Search Images Maps Play YouTube News Gmail Drive More »
Sign in
Screen reader users: click this link for accessible mode. Accessible mode has the same essential features but works better with your reader.

Patents

  1. Advanced Patent Search
Publication numberUS5913451 A
Publication typeGrant
Application numberUS 08/972,931
Publication dateJun 22, 1999
Filing dateNov 18, 1997
Priority dateNov 18, 1997
Fee statusPaid
Also published asCA2364227A1, EP1178936A1, EP1178936A4, WO2000050319A1
Publication number08972931, 972931, US 5913451 A, US 5913451A, US-A-5913451, US5913451 A, US5913451A
InventorsKevin Madison
Original AssigneeMadison; Kevin
Export CitationBiBTeX, EndNote, RefMan
External Links: USPTO, USPTO Assignment, Espacenet
Fuel tank assembly for volatile fuel
US 5913451 A
Abstract
A fuel tank assembly contains a supply of volatile fuel in a collapsible container having a highly compliant wall movable between an expanded configuration and a collapsed configuration so as to follow and conform closely to the supply of volatile fuel within the container as the fuel is withdrawn from and replenished in the supply, the wall having a composite construction including a fluid filler material contained within a highly flexible envelope such that the composite construction of the wall enables expansion of the container toward the expanded configuration in response to the replenishment of fuel in the container to conform to and contain the supply of volatile fuel, and enables collapse of the container in response to the withdrawal of fuel from the container, toward the collapsed configuration, with the wall continuously and closely conforming to the supply of fuel within the container as fuel is withdrawn from and replenished within the container, thereby deterring the formation of fuel vapor within the fuel tank assembly.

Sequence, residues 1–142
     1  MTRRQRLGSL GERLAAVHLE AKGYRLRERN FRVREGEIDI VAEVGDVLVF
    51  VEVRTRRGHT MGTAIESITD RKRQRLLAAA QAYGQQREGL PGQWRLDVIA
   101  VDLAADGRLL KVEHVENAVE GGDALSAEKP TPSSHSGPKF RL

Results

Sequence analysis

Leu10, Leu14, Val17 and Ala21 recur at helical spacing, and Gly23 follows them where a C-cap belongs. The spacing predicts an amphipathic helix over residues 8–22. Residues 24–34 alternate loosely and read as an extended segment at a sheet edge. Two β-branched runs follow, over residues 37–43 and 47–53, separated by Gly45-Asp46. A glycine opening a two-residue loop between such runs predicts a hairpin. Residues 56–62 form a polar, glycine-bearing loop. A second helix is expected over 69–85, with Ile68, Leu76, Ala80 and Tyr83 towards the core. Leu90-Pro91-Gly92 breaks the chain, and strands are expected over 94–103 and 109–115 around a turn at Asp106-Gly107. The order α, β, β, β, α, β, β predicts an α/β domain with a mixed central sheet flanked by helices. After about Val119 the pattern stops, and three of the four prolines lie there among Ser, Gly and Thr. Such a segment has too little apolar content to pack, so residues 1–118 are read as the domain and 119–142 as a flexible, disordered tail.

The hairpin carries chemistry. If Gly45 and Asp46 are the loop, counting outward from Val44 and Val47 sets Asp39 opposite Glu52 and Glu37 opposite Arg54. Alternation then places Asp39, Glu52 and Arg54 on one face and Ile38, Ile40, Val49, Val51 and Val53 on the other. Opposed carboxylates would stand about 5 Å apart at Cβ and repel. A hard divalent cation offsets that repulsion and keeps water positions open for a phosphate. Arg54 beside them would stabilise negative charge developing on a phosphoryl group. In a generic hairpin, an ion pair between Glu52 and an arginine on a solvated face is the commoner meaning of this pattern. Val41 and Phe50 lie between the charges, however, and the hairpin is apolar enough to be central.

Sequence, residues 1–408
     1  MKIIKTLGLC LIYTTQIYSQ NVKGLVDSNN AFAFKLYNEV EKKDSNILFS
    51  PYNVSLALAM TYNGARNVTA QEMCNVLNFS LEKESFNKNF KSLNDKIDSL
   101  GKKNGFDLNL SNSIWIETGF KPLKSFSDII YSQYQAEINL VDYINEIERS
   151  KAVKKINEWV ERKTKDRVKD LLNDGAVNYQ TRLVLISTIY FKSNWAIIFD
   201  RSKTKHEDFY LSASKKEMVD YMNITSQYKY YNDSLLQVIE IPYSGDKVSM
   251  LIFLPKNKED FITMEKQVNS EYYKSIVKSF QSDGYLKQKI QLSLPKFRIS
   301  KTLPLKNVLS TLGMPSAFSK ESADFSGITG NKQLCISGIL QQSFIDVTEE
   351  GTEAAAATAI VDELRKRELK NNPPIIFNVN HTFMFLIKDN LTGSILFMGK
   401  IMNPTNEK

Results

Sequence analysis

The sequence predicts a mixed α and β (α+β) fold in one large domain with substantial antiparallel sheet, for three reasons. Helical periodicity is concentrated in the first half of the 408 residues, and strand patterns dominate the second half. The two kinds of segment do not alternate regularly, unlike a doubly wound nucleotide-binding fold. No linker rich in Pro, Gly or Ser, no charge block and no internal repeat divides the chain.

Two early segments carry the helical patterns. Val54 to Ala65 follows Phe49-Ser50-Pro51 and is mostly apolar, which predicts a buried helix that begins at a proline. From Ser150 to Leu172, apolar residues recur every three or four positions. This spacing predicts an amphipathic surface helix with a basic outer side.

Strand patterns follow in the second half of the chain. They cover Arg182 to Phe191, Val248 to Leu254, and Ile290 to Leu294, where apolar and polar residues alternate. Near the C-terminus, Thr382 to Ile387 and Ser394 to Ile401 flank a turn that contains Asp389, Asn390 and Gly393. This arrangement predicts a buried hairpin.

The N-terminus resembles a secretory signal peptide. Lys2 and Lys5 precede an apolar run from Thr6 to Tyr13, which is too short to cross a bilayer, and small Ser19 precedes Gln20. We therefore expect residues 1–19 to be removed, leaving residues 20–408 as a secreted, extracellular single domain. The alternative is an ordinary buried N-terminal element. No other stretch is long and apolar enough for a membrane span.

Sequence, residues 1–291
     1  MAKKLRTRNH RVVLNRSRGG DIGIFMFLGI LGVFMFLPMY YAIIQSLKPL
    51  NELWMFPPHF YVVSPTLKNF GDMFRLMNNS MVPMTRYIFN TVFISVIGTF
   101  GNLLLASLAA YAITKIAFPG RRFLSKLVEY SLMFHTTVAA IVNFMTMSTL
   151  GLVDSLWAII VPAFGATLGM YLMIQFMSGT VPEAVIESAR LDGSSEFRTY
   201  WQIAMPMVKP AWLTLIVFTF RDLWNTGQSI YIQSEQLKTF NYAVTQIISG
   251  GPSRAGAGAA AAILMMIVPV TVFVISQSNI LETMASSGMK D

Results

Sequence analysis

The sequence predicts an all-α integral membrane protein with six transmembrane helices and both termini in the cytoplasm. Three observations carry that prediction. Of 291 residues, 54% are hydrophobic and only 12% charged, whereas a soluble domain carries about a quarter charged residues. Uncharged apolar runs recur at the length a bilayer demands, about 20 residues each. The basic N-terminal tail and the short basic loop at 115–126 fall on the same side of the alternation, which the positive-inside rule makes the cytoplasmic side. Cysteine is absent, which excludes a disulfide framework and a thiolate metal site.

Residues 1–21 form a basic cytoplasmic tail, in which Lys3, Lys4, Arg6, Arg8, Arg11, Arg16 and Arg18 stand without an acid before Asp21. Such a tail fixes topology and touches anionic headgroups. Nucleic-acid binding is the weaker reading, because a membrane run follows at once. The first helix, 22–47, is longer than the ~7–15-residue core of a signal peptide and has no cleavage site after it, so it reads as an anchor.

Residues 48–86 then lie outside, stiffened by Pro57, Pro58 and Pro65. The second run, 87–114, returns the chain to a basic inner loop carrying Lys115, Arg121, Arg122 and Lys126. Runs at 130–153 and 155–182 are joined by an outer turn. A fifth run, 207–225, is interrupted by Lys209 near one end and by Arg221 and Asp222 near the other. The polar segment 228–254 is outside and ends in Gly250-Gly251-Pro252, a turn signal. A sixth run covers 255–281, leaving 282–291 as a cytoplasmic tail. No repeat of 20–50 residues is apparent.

Images(3)
Previous page
Next page
Claims(16)
The embodiments of the invention in which an exclusive property or privilege is claimed are defined as follows:
1. A fuel tank assembly for containing a supply of volatile fuel and deterring the formation of fuel vapor within the fuel tank assembly as fuel is withdrawn from and replenished to the supply in the fuel tank assembly, the fuel tank assembly comprising:
a collapsible container having a highly compliant wall movable between an expanded configuration and a collapsed configuration so as to follow and conform closely to the supply of volatile fuel within the container as the fuel is withdrawn from and replenished in the supply;
the wall having a composite construction including a fluid filler material contained within a highly flexible envelope such that the composite construction of the wall enables expansion of the container toward the expanded configuration in response to the replenishment of fuel in the container to conform to and contain the supply of volatile fuel, and enables collapse of the container in response to the withdrawal of fuel from the container, toward the collapsed configuration, with the wall continuously and closely conforming to the supply of fuel within the container as fuel is withdrawn from and replenished within the container, thereby deterring the formation of fuel vapor within the fuel tank assembly;
the fluid filler material comprising a liquid filler material.
2. The invention of claim 1 wherein the liquid filler material includes a fuel suppressant.
3. The invention of claim 1 wherein the liquid filler material comprises an oil.
4. The invention of claim 3 wherein the oil has a weight for facilitating the expansion and contraction of the container in response to replenishment and withdrawal of the fuel to and from the container.
5. The invention of claim 4 wherein the liquid filler material includes a fuel suppressant.